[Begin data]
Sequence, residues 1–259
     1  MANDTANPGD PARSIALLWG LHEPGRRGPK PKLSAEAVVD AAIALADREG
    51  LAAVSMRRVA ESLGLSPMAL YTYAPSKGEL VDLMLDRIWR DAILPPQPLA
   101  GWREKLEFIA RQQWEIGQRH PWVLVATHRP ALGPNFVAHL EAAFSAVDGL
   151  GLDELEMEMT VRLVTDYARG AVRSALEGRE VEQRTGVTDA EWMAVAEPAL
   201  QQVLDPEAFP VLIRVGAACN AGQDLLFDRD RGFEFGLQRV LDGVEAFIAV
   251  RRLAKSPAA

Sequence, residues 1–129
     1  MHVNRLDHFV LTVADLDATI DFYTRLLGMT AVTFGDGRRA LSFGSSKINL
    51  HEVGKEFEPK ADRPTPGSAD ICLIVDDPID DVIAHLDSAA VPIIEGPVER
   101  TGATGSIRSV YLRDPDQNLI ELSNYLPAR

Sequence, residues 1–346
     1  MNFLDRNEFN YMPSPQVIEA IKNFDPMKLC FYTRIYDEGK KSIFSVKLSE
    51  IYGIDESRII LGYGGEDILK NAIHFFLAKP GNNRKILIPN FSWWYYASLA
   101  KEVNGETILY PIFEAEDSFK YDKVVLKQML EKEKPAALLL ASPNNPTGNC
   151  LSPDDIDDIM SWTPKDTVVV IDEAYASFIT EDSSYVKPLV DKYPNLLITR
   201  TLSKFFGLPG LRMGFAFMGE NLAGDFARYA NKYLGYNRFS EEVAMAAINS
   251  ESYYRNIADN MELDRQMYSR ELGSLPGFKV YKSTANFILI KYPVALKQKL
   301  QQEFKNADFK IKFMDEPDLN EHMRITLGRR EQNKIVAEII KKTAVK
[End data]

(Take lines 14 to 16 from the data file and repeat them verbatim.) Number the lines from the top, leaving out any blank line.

    51  IYGIDESRII LGYGGEDILK NAIHFFLAKP GNNRKILIPN FSWWYYASLA
   101  KEVNGETILY PIFEAEDSFK YDKVVLKQML EKEKPAALLL ASPNNPTGNC
   151  LSPDDIDDIM SWTPKDTVVV IDEAYASFIT EDSSYVKPLV DKYPNLLITR